1 Timothy 6:17 speaks about the moving target of enough and how wealth can come and go:

Command those who are rich in this present world not to be arrogant nor to put their hope in wealth, which is so uncertain, but to put their hope in God,who richly provides us with everything for our enjoyment.

Even if you don’t consider yourself rich, you can still be caught up by the trap to put your hope in wealth instead of the Lord.  The fact is that wealth is elusive and fleeting.  It can be gone in an instant.  If you think about the things that bring us the most enjoyment, the aren’t things at all.  They are relationships, experiences, and memories.  They are usually simple things that don’t require much in the way of wealth. 

I wrote a post about the fact that “God cannot pour his riches into hands already full.”  You can read it here.

It seems like a contradiction, but the paradox is this: sometimes to have “enough” what we really have to do is simply let go.

Father, help me to remember that when I have you, I have enough.  Help me to keep my priorities straight and to focus on accumulating the things that matter, not the things that will not last.  Thank you Jesus that you are enough for me.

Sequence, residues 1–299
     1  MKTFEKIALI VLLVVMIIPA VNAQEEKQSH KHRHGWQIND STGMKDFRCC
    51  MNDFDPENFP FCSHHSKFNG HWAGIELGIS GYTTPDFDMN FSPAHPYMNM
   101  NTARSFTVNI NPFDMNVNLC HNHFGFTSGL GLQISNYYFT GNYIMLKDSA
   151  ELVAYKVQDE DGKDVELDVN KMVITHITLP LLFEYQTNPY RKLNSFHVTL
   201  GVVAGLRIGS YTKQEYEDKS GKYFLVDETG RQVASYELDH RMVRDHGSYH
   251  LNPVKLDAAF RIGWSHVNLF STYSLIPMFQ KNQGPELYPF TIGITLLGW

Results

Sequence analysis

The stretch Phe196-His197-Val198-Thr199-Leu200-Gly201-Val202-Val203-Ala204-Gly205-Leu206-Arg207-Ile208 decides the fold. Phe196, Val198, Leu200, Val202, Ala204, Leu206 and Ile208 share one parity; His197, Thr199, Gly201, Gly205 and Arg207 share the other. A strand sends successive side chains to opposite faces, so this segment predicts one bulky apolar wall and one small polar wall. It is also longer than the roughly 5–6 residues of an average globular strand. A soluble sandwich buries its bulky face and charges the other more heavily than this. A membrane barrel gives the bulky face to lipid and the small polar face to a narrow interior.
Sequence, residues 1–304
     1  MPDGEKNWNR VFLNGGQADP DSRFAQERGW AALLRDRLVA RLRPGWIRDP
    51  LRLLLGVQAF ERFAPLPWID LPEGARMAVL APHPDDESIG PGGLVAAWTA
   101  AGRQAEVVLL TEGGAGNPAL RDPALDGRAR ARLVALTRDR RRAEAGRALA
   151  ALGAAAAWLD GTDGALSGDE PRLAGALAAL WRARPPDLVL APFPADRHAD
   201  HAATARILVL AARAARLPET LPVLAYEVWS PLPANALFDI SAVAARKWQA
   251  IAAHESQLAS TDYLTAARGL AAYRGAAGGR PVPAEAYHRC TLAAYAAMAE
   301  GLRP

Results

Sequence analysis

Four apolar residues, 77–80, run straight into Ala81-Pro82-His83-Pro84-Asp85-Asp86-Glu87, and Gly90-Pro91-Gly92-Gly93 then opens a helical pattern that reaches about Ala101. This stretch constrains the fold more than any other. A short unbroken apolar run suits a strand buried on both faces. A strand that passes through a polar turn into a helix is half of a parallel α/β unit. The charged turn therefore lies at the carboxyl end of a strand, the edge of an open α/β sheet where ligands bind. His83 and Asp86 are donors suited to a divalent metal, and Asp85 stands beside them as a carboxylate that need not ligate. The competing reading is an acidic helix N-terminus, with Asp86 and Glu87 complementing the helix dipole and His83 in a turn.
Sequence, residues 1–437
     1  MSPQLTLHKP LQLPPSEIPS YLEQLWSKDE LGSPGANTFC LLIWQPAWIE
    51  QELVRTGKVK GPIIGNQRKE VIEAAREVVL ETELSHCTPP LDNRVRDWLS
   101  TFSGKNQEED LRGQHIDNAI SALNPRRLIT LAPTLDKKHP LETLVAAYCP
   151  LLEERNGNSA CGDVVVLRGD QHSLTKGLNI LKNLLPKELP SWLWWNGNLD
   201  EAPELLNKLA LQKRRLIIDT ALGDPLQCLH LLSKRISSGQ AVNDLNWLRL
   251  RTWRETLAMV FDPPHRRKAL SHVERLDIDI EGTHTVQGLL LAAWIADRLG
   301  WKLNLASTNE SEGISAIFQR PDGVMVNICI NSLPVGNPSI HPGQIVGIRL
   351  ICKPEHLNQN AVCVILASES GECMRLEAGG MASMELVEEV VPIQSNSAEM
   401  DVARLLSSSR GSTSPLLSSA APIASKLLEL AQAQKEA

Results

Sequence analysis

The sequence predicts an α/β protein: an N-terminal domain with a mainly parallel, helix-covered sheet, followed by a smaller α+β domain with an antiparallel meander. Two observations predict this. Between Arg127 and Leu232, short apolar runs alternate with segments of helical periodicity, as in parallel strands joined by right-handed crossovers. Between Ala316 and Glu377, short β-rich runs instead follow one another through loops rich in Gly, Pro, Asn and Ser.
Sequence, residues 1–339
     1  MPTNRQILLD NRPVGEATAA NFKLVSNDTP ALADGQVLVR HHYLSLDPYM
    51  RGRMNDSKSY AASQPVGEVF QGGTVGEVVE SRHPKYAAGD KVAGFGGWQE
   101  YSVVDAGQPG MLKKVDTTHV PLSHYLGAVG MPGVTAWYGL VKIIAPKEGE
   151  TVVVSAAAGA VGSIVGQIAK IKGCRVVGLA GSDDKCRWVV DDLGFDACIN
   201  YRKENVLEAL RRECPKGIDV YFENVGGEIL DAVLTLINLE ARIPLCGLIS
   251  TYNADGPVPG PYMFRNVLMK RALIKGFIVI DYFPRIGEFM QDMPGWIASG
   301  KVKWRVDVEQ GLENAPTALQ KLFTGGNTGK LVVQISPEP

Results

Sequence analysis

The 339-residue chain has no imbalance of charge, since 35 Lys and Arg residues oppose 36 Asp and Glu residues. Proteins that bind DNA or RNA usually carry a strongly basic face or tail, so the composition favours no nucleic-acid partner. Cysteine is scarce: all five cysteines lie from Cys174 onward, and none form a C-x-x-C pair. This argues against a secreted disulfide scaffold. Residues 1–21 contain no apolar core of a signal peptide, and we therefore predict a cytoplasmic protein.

What We Need, When We Need It

Sun & Rain

Thank you for giving us a little bit of sunshine so we could play outside today and a little bit of rain to wash away the pollen.”

These were the words of my 8-year-old tonight as he prayed over our dinner. As he said “Amen” my wife and I looked at each other thinking that sometimes the most profound words come out of such a small package.

After all, isn’t this what God wants us to do?  Sometimes He gives us sunshine and playtime outside.  Sometimes He gives us rain to wash away the pollen.  Usually we are upset when the rain comes because it stops us from doing what we want to do.